It isn’t difficult to figure out who leads the whole selfie-centric mid-range segment of the smartphone market. OPPO found a niche for itself and has reaped the benefits by selling the right kind of smartphone to the right kind of people.
Many have tried to compete with them in this lucrative segment but to varying amounts of success. This year, they’re getting a new challenger as ASUS brings back one of its most beloved smartphones, the Zenfone Selfie. This year, it’s called the ZenFone 4 Selfie and ZenFone 4 Selfie Pro, but does it have what it takes to topple the king of the hill?
There are two variants of ASUS’ new selfie-centric smartphones. There’s the more powerful ZenFone 4 Selfie Pro and the regular ZenFone 4 Selfie. These phones have vastly different hardware and even feature different cameras, but they both share the same goal when it comes to taking selfies — get as much in the frame as possible.
Oh that, and having two selfie cameras instead of just one, because 2017.
That’s why both smartphones feature a regular high-resolution selfie shooter and a secondary wide-angled selfie camera. On the Selfie Pro, you’ll find a Sony IMX362 sensor with an f/1.8 aperture lens and a 5-megapixel f/2.2 aperture wide angle camera. If you’re wondering, yes, the Sony IMX362 is traditionally used as the rear camera of a smartphone because of its ability to use 100% of its pixels for autofocusing. This tech is called Dual Pixel AF and it is a really great form of AF. This Sony sensor is also the same one you’d find in the ZenFone 4 and ZenFone 4 Pro’s main camera.
However, ASUS has tweaked the same 12-megapixel sensor to produce high-resolution 24-megapixel images instead. You see, the Sony sensor actually has two photodiodes per pixel instead of just one. While the second photodiode is traditionally used for Dual Pixel AF, ASUS has instead converted it to also produce images. This means that each pixel has two data streams, effectively doubling the resolution of the sensor. It also has the ability to shoot 4K video with the front-facing camera.
It isn’t without compromises, though, as the size of each 1.4-micron pixel will also effectively be halved, reducing light sensitivity and probably reducing the quality of low-light selfies. The good news is that this 24MP DuoPixel mode can be toggled on or off in the camera settings so you can use 12MP for low-light and 24MP in well-lit situations. On the regular ZenFone 4 Selfie, you get a far more standard 20MP + 8MP affair without any of this sophisticated technowizardry.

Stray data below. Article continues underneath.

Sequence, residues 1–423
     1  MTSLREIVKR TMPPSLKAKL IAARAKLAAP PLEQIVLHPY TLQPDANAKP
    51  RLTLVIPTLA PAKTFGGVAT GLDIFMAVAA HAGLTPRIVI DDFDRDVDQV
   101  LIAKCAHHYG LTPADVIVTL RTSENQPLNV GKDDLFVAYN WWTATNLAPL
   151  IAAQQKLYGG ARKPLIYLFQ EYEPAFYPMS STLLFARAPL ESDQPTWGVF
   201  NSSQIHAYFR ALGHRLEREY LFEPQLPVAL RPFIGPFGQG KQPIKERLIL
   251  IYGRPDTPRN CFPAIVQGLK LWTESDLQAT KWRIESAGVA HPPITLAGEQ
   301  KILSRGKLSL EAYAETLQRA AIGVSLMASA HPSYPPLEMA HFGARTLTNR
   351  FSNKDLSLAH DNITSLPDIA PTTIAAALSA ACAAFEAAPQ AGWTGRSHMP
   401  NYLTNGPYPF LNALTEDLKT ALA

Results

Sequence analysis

Was it worth all the effort though?
Well, comparing the Selfie and the Selfie Pro side by side, the difference in image quality is very apparent. The Selfie Pro certainly produces better images than the Selfie, but I guess that’s pretty much expected at this point.
What I can’t really tell, though, is whether the ZenFone 4 Selfie and Selfie Pro can compete with their rivals from across the pond: OPPO. I had a very short amount of time with the ASUS devices so I really can’t judge for now without a proper comparison.
I can, however, tell you that although both these smartphones are made of metal, look the same, and are part of the same family, they feel like completely different devices in the hand. The Pro variant feels a lot better put together than the non-Pro variant. Its metal shell feels closer knit and more robust than the base Selfie so the difference in price is immediately noticeable when you pick them up.
And it’s a big difference in price too. The ZenFone 4 Selfie Pro will retail in Malaysia for RM1,799 while the ZenFone 4 Selfie is priced at RM1,299.
For RM1,799, you’ll be getting a 5.5-inch Full HD display, Snapdragon 625 14nm octa-core processor, 4GB of RAM and 64GB of internal storage. If you want to save the RM500 and go for the ZenFone 4 Selfie instead, you’ll be downgrading the processor to a Snapdragon 430 chip and the display to a 5.5-inch HD720p screen instead. Both do have 3,000 mAh battery cells with support for quick-charging, however.
That said, these price points also put them directly in OPPO and vivo’s crosshairs. At the top end, the Selfie Pro will be competing with the OPPO R9s (RM1,798) and the vivo V5 Plus (RM1,799). As far as build goes, all three have the same kind of construction, though, I personally feel the R9s feels just a tad bit better put together.
Although, they’re all pretty selfie-centric, there is a difference in how each device handles selfies. vivo went for the depth+bokeh route while OPPO’s just sticking to raw 16MP images. ASUS, though, is going wide and the effect is pretty profound. I’ve always been a fan of the ultra-wide so I do prefer ASUS’ implementation. One thing worth noting, however, is that the ZenFone distorts pretty heavily at edges, giving it the “GoPro feel” which probably isn’t ideal for keeping faces slim during selfies.
Over on the more affordable side, the ZenFone 4 Selfie is facing competition from the likes of the vivo V5 (RM1,299) , OPPO F1s (RM998)and the OPPO A77 (RM1298). The OPPO and vivo phones rely purely on their single 16MP shooter, so the ZenFone has the edge when it comes to variety with the 8MP wide-angle. Spec-wise, the ZenFone comes with a Qualcomm Snapdragon chip, which I know many prefer over the MediaTek MT6750 chips in the OPPO and vivo handsets, and the ZenFone edges out the OPPO F1s with more storage and RAM.
However, while ASUS’ phones do look pretty even — and in some cases better — against the competition, they have to remember that they’re competing in a segment of the market where most purchases happen because someone saw an ad on a billboard or movie theatre. Or if they find a phone prettier than the other.
I think this segment is all about brand awareness and compared to the likes of OPPO or vivo who have invested heavily into traditional advertising or brand ambassadors, it’s going to be really tough for ASUS to change consumer mindset.